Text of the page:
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Los Angeles, California 90095


Purpose:

In this study, we will evaluate the efficacy and sustainability of the Linking Families Together (LIFT) intervention to improve parental monitoring during the transition from middle to high school a particularly risky time for students' academic performance and health behaviors. This study is based in middle schools around Los Angeles County a region with a high prevalence of teen risky health behaviors. The aims of our study are: 1. To conduct a randomized trial of the LIFT intervention and examine whether providing detailed academic information to parents during their child's 7th and 8th grade increases parental monitoring at the end of the two year intervention and one year follow up. We will partner with 3-10 middle schools and recruit 500 student-parent dyads: 250 will be randomized to the intervention arm and 250 to the usual care control group. 2. To determine whether the LIFT intervention improves students' academic outcomes, as measured by grades, attendance, and standardized test scores at the end of the two year intervention and one year follow up. 3. To evaluate whether the LIFT intervention lowers rates of adolescent risky health behaviors, specifically substance use (alcohol, marijuana, inhalants, and other drugs) at the end of the two year intervention and one year follow up.


Study summary:

Despite parental monitoring and school involvement being among the most important protective factors leading to positive teen academic and health trajectories, few theoretically based rigorously evaluated interventions test strategies to support low income parents as their adolescents transition from middle to high school, a particularly risky time for students' academic and health behaviors. In a successful pilot study, student's missing assignments information was communicated directly to parents. Intervention parents were nearly twice as likely to report their child not telling them enough about his or her school work than control parents. After just 6 months, intervention students had a 0.19 standard deviation increase in GPA over the control group and 0.20 standard deviation higher standardized math test score. In the proposed study, we will evaluate the efficacy and sustainability of an intervention to improve parental monitoring and thus improve academic outcomes and reduce risky health behaviors. The adapted intervention will also include sessions for parents to build positive parent-child communication and awareness of school expectations. We propose a randomized controlled trial with 2 arms examining whether providing parents detailed information on their child's academic and behavioral performance in school in combination with basic parenting support, increases parental monitoring for low-income, minority families. We hypothesize that better parental monitoring will lead to improved academic and behavioral performance. Using this design we can determine whether the impact of the information and parenting intervention is also protective of teens engaging in risky health behaviors. We will compare the experimental and control group parents to examine whether providing high-quality academic information to parents of middle school students increases parental monitoring, student academic performance, and teen health outcomes during middle school and beyond. If the intervention boosts adolescent academic and health outcomes as hypothesized, the results of the proposed study offer schools low-cost strategies to simultaneously positively influence student academic and health trajectories. These findings have the potential to stimulate new research to improve health through innovative interventions to bolster parent teen relationships for gains accrued throughout the life span. The aims of our study are: 1. To conduct a randomized trial of the LIFT intervention and examine whether providing detailed academic information to parents during their child's 7th and 8th grade increases parental monitoring at the end of the two year intervention and one year follow up. We will partner with 3-10 middle schools and recruit 500 student-parent dyads: 250 will be randomized to the intervention arm and 250 to the usual care control group. 2. To determine whether the LIFT intervention improves students' academic outcomes, as measured by grades, attendance, and standardized test scores at the end of the two year intervention and one year follow up. 3. To evaluate whether the LIFT intervention lowers rates of adolescent risky health behaviors, specifically substance use (alcohol, marijuana, inhalants, and other drugs) at the end of the two year intervention and one year follow up. Thus the proposed study builds on and extends the earlier pilot study by recruiting more middle schools around Los Angeles, offering parents additional supports through parenting workshops, and assessing the program's impact on adolescent behavioral outcomes. Successfully implementing this study will allow us to demonstrate feasibility for a future randomized controlled trial and assess effect size for parental monitoring and health outcomes.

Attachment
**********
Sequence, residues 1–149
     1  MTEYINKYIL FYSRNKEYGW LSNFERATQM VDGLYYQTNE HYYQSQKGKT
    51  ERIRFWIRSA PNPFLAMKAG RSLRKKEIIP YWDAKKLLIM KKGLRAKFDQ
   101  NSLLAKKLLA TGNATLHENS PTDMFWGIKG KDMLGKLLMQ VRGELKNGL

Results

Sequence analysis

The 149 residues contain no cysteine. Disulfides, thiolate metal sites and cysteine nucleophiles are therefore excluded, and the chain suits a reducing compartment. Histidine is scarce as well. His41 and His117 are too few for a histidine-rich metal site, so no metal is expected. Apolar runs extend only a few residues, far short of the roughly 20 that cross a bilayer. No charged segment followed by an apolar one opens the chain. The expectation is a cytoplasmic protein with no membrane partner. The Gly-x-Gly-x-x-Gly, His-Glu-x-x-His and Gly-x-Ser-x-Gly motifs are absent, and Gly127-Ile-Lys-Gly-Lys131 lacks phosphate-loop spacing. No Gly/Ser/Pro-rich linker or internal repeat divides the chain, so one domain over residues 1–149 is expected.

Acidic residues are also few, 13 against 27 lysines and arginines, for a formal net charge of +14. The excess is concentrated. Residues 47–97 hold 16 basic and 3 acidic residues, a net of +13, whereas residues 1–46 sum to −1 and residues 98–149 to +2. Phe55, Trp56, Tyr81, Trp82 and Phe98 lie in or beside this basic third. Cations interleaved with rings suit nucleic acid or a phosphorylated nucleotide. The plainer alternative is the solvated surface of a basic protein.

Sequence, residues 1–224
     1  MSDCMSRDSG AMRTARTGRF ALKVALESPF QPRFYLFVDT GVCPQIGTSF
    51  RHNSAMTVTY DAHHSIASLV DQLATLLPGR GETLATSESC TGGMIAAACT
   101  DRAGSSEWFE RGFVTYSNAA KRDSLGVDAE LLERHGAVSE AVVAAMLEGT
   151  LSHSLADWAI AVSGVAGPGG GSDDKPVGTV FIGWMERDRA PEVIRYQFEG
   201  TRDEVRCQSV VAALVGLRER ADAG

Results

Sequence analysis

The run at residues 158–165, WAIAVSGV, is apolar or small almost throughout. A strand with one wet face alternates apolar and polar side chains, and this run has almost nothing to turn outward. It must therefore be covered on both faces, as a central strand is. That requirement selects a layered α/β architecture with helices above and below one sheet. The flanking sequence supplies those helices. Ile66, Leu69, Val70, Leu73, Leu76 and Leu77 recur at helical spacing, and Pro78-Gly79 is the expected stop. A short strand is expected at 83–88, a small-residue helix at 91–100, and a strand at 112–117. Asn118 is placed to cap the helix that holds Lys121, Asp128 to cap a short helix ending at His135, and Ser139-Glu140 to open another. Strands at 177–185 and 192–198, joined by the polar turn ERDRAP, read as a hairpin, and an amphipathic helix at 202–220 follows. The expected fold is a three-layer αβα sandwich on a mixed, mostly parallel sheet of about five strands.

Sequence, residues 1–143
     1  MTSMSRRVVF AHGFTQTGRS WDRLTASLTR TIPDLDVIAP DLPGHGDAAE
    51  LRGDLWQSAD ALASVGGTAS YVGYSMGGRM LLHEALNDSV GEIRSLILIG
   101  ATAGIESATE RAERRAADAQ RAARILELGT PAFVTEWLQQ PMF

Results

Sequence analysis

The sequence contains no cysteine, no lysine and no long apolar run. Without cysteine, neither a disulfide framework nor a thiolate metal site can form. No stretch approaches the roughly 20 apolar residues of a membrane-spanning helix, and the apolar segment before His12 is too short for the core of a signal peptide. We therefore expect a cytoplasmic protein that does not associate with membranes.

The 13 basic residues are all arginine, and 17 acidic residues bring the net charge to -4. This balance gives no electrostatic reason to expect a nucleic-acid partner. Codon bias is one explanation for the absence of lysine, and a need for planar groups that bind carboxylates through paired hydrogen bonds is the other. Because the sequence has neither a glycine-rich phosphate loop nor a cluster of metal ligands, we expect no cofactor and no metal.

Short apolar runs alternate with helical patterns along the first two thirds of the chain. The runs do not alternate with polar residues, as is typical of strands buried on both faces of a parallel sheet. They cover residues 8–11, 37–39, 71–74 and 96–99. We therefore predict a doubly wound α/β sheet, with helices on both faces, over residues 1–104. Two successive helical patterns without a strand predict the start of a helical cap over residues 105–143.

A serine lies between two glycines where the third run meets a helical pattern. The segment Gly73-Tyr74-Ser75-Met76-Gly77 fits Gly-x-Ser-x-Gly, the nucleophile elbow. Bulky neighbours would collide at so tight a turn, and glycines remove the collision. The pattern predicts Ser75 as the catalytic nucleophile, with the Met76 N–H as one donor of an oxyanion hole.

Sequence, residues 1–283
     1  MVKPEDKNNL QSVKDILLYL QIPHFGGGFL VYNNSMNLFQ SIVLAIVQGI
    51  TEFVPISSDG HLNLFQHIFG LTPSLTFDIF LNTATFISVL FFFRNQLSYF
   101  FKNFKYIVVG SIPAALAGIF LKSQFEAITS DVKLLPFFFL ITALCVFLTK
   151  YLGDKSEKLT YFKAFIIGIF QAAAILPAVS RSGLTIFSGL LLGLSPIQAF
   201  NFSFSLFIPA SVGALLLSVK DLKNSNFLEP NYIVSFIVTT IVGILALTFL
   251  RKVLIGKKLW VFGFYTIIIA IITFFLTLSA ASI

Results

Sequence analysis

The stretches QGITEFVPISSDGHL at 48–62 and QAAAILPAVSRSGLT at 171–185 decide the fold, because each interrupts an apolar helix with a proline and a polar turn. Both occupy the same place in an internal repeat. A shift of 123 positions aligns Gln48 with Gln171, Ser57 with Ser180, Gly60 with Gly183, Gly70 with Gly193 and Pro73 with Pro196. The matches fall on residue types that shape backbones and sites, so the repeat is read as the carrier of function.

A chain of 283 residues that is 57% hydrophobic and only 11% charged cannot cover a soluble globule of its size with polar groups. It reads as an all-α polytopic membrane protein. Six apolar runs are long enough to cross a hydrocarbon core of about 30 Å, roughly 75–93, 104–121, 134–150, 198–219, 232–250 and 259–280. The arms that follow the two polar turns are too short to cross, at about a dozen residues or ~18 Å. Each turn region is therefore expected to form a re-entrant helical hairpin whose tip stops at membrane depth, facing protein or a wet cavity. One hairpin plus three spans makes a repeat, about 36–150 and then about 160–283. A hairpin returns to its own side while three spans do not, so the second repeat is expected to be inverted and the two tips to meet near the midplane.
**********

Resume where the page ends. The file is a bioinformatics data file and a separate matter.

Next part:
Criteria:

Inclusion Criteria: - For adults, must be a parent/guardian of a student at a participating middle school - For minors, must be a student at a participating middle school - Must speak English or Spanish - Entering 7th grade in Fall 2014 at one of the middle schools participating in the study Exclusion Criteria:


NCT ID:

NCT02129153


Primary Contact:

Principal Investigator
Mitchell D Wong, MD PhD
University of California, Los Angeles


Backup Contact:

N/A


Location Contact:

Los Angeles, California 90095
United States



There is no listed contact information for this specific location.

Site Status: N/A


Data Source: ClinicalTrials.gov

Date Processed: November 22, 2017

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